So you want 64 PCIe lanes and do not want to spend $800 on a Ryzen Threadripper 1920X or $1000 on a 1950X? AMD has an answer for you in the AMD Ryzen Threadripper 1900X. As one may guess, this is above the Ryzen 7 1800X in the SKU stack. With a $549 MSRP, the 8-core/16-thread Threadripper 1900X is completely intriguing as a case study.
AMD Ryzen Threadripper 1900X Overview
The AMD Ryzen Threadripper 1900X is a giant package based on the same FCLGA 4094 socket (TR4) that is shared by its larger counterparts. The chip has only 8 cores active or four on each die of the dual die package. Frankly, 8 cores in such a large socket is less of a CPU performance play and more of a play for being able to use larger platforms. Here is AMD’s requirements slide and you can see that the majority of the slide is dedicated to non-CPU performance tasks:
Likewise, when discussing performance, AMD is using “fastest 8-core Ryzen to date” (and most expensive.)
AMD claims that it bins Ryzen dies to use only the top 5% for Threadripper CPUs. It also claims that it will be delivering X399 NVMe RAID on September 25, 2017. NVMe RAID 0, 1 and 10 are said to be supported.
Here is what the AMD Ryzen Threadripper lineup will look like going forward:
If you want the AMD platform and saving $250-$450 is worth losing a ton of performance, this is the CPU for you.
AMD also presented its competitive slide:
The elephant in the room here is that on the Intel side, going NUMA means going Intel Xeon E5 or Intel Xeon Scalable. Getting a used Intel Xeon E5-2600 V3 or V4 system can be quite cost competitive but give you more cores, more cache, more DDR4 channels (with ECC RDIMM support), more PCIe lanes and etc. The Intel Core i9 and i7 series CPUs are a single NUMA node and there is a newer offering in the market for HEDT, the Intel Xeon W series of workstation processors that changes single socket HEDT calculus even more.
At STH, Patrick and William are building Threadripper 1950X workstations at STH, I am staying with my dual Intel E5 V4 setup.
AMD Ryzen 7 1800X or 1700 or Threadripper 1900X
We wanted to take a quick pause and discuss these two architectures. Here is AMD’s slide discussing the different platforms:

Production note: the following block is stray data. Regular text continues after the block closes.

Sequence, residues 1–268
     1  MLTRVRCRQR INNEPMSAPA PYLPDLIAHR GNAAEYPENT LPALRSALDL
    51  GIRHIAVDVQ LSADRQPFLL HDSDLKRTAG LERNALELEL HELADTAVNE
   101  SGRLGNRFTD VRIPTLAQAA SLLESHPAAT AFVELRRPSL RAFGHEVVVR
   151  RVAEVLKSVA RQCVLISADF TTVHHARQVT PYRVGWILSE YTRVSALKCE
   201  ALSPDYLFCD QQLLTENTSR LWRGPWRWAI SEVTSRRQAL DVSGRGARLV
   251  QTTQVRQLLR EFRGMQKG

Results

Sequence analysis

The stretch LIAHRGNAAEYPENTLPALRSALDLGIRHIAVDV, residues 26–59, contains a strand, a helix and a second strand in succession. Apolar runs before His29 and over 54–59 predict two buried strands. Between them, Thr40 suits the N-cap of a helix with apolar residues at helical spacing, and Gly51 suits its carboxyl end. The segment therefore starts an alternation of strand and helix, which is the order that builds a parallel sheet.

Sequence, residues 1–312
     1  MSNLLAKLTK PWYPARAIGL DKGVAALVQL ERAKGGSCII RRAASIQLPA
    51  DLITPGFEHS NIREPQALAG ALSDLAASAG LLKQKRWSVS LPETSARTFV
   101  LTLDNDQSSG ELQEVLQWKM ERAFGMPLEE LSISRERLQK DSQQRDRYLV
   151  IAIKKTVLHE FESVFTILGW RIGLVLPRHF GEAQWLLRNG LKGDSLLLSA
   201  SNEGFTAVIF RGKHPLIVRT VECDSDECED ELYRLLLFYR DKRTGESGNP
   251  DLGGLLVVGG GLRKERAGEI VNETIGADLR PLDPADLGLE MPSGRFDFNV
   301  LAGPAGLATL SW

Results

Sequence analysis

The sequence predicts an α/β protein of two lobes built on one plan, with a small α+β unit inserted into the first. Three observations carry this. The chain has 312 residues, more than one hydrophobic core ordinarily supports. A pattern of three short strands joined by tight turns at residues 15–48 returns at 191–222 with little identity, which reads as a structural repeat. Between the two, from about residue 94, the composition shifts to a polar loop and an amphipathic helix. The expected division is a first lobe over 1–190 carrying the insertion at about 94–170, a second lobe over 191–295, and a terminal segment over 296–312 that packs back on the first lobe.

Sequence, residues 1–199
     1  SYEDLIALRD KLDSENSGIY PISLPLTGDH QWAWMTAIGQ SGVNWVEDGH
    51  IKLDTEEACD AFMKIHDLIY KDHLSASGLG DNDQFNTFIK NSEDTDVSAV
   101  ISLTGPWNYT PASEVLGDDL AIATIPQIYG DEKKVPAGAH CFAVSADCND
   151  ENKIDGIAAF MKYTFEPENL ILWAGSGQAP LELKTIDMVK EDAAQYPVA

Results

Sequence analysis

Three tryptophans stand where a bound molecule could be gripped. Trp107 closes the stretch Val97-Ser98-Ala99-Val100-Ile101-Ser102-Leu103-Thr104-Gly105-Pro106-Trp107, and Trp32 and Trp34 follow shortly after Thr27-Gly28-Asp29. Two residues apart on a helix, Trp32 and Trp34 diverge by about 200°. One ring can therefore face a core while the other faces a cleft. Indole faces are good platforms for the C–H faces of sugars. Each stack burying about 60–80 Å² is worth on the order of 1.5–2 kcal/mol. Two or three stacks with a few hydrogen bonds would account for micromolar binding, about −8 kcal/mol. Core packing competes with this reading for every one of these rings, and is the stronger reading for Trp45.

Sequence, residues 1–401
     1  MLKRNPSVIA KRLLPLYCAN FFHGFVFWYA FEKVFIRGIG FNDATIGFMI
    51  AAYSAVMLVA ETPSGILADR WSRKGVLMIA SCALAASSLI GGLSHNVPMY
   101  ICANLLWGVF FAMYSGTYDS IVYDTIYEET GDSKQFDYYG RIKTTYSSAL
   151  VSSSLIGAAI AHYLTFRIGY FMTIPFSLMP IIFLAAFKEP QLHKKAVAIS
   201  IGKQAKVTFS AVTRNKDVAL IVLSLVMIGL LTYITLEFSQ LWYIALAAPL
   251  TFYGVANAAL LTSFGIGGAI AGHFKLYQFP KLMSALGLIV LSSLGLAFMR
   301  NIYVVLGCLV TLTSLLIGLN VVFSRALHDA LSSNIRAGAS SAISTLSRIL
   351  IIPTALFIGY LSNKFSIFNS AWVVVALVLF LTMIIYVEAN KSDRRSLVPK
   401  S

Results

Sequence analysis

If you are planning to build an 8 core system with 32GB of RAM a single GPU and a few hard drives or SSDs, get the Ryzen 7 1800X instead (or better yet the Ryzen 7 1700 which is our pick.) There are a few reasons for this:
- AM4 v. TR4 motherboard cost is a huge difference. The TR4 socket is more expensive, vendors have to use more PCB traces for additional memory channels and PCIe lanes. While it is easy to find a $100 motherboard for a Ryzen 7 system, the Threadripper counterparts cost well over 3x that amount.
- TR4 costs more to power and cool. Having an additional active die and an active Infinity Fabric (on package) link on each die means we will see higher power consumption. TR4 also generally requires a liquid cooler such as the Corsair H100i V2 at over $110. Conversely, the AMD Ryzen 7 1700 can be overclocked using the included air cooler.
- The AMD Threadripper 1900X has Infinity Fabric. AMD’s on-die interconnect between cores is very fast. At the same time, we have done AMD Infinity Fabric latency measurements and the die-to-die traffic on an AMD package is about equal to Intel’s socket-to-socket performance. Ian @ Anandtech did an awesome job detailing the performance impact of the two die Threadripper solution.
On the other hand, if you want a “big” AMD desktop platform, and do not need a ton of CPU cores, then the Ryzen Threadripper 1900X is an interesting choice. Then again, if you are looking for a big platform as a server, the AMD EPYC 7251 which is scheduled for production today (August 31, 2017) is an even less expensive option with more RAM capacity and more PCIe lanes.
One area that needs to be addressed is that a full release (with webcast) for a single midrange CPU SKU is crazy.